Will the Bolshoi Drama Never End?

Sergei Filin's return to the Bolshoi after the acid attack. Photo by Yuri Kochetkov/EPA.

Sergei Filin, the artistic director of the Bolshoi Ballet since 2011, has had a rough few years. In 2013, he suffered an acid attack organized by a dancer who was unhappy with his casting decisions, and he continues to struggle with his loss of vision. He is rumored to have a rivalry with Bolshoi Theatre chief Vladamir Urin, and has endured endless criticism for moving the company slightly away from its classical roots. Yesterday, the Bolshoi announced that his contract will not be renewed -- his run as artistic director will end in the spring.

To anyone who has followed Filin's time at the Bolshoi, this announcement is not terribly surprising. He has been a polarizing director, praised by some for his decisions to bring in contemporary ballets, and disliked by many (including some of his dancers) for the very same reason. What is surprising, however, is Urin's announcement that in addition to letting Filin's time at the Bolshoi come to a close, the company will be eliminating his position altogether.

How on earth does a ballet company function without an artistic director? The Bolshoi's artistic director role will be replaced by a director role, which will have a more administrative focus and will share artistic decisions with the Theatre chief. Does this disbursement of artistic power stem from fear of the repertory changes that Filin began to enact with his total artistic control? Or perhaps Urin's desire to consolidate artistic decision-making into his own role? Either way, the lack of a singular artistic vision has the potential to either help the Bolshoi find the balance of old and new it needs to thrive or to send it further into controversy and instability.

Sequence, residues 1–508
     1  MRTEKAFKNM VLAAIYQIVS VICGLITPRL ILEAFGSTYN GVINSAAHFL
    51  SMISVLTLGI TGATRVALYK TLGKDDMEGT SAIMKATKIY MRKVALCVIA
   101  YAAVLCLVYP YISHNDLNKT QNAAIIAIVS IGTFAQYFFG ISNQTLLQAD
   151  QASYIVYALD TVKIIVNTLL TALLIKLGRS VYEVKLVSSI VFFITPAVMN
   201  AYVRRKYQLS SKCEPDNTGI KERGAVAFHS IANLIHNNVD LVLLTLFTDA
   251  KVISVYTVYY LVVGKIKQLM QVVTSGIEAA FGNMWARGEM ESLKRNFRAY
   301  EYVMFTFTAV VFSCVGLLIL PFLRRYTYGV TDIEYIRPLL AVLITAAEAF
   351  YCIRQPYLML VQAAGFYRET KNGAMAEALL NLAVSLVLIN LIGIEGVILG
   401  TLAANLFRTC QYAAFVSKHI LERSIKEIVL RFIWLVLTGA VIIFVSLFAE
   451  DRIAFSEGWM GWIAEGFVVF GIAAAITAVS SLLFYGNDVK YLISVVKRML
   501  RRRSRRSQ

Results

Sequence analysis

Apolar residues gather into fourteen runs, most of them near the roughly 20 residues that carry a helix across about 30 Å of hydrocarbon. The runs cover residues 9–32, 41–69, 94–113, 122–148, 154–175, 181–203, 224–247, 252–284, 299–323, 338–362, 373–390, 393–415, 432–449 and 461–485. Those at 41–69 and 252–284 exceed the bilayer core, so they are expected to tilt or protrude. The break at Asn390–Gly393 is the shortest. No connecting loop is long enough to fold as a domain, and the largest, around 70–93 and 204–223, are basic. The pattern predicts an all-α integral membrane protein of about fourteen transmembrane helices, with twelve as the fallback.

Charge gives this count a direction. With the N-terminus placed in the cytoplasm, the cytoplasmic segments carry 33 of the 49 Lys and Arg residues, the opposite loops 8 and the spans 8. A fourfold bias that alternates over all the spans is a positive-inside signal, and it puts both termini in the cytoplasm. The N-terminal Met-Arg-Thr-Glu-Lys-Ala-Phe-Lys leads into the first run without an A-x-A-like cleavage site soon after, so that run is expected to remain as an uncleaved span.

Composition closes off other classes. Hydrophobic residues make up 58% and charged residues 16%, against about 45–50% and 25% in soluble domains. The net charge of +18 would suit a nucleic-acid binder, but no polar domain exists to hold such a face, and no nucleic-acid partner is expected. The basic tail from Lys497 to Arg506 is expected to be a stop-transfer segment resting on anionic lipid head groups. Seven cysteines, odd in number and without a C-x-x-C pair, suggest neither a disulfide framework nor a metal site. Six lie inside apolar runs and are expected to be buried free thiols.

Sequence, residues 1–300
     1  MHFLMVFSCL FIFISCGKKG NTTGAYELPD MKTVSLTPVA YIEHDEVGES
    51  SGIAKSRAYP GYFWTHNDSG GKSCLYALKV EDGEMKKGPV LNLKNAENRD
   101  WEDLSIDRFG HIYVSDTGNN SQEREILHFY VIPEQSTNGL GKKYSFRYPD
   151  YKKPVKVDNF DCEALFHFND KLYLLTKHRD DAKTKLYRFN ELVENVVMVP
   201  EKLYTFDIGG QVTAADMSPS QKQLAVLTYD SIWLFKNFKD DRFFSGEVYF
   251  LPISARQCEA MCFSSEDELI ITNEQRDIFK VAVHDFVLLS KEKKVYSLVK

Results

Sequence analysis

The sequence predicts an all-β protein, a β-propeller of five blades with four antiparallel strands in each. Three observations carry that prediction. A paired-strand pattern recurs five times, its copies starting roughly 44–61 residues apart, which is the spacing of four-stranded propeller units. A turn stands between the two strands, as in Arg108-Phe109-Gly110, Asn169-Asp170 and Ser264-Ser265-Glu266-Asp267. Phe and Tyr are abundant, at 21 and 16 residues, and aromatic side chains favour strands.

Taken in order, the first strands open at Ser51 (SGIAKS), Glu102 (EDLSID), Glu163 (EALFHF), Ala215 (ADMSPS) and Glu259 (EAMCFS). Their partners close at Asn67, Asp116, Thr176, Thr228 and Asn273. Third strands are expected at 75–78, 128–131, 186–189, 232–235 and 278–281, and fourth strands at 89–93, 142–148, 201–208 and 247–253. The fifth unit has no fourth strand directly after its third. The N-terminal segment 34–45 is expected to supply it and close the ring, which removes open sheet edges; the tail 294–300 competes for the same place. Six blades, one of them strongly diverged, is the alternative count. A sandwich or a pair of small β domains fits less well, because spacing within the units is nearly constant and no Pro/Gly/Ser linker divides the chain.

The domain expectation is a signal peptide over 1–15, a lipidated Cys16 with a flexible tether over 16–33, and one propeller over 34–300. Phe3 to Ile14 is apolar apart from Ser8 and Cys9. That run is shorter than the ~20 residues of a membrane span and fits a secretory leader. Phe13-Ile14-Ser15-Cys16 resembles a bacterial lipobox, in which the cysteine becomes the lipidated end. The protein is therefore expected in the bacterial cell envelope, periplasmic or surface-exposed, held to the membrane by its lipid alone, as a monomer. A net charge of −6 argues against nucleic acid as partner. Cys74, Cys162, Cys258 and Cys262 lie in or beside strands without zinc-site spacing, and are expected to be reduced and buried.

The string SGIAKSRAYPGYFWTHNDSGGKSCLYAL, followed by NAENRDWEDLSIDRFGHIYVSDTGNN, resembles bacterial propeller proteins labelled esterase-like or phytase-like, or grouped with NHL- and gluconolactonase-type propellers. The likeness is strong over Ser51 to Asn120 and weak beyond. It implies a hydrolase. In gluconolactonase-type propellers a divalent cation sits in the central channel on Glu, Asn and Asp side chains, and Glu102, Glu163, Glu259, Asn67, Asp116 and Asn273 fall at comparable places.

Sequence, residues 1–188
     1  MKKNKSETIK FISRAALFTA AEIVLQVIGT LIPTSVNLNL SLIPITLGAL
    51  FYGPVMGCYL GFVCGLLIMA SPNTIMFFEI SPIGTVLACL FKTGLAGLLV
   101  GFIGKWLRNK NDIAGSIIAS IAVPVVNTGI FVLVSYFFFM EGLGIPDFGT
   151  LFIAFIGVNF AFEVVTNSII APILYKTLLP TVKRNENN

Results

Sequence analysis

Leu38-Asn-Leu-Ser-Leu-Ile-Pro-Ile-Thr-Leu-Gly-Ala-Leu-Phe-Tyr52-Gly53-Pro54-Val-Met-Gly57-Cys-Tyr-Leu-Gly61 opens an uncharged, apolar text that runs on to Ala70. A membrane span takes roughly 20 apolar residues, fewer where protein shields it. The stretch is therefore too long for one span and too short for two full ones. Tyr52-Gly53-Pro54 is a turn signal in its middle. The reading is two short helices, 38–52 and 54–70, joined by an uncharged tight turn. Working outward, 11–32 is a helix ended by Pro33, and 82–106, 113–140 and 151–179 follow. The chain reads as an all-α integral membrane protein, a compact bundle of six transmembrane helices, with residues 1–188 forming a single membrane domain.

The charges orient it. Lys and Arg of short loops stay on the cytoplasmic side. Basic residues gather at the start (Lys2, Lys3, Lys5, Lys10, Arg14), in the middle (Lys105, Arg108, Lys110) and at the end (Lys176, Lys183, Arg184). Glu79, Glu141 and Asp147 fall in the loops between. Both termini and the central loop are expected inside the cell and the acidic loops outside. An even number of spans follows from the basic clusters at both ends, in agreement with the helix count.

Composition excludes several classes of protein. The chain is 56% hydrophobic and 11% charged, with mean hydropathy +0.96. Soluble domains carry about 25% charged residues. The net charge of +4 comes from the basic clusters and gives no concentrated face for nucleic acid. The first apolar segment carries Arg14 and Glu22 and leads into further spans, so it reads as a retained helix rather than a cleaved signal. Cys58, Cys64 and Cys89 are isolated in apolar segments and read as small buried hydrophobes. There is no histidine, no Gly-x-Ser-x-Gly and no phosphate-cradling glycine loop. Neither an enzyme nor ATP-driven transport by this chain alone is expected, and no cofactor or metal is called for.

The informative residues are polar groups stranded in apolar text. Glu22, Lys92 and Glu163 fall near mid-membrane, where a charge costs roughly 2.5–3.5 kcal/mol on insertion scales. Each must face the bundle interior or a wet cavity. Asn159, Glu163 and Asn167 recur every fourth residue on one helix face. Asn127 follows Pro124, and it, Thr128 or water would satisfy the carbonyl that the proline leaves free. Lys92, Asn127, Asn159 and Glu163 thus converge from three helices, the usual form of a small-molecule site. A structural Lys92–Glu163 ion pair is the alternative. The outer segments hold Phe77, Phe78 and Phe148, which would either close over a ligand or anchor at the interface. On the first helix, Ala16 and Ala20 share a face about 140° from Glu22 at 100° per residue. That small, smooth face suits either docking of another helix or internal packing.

The new director will be announced in September, though Urin reportedly has a man in mind. (His use of male pronouns when talking about Filin's successor enforces the company's unpleasant but not unusual legacy of almost exclusively being led by men -- and completely exclusively performing the work of men.) If you ask me, this is just one of reasons why the Bolshoi needs to make serious changes to stay relevant. We will soon see whether Filin's removal is the right kind of change.

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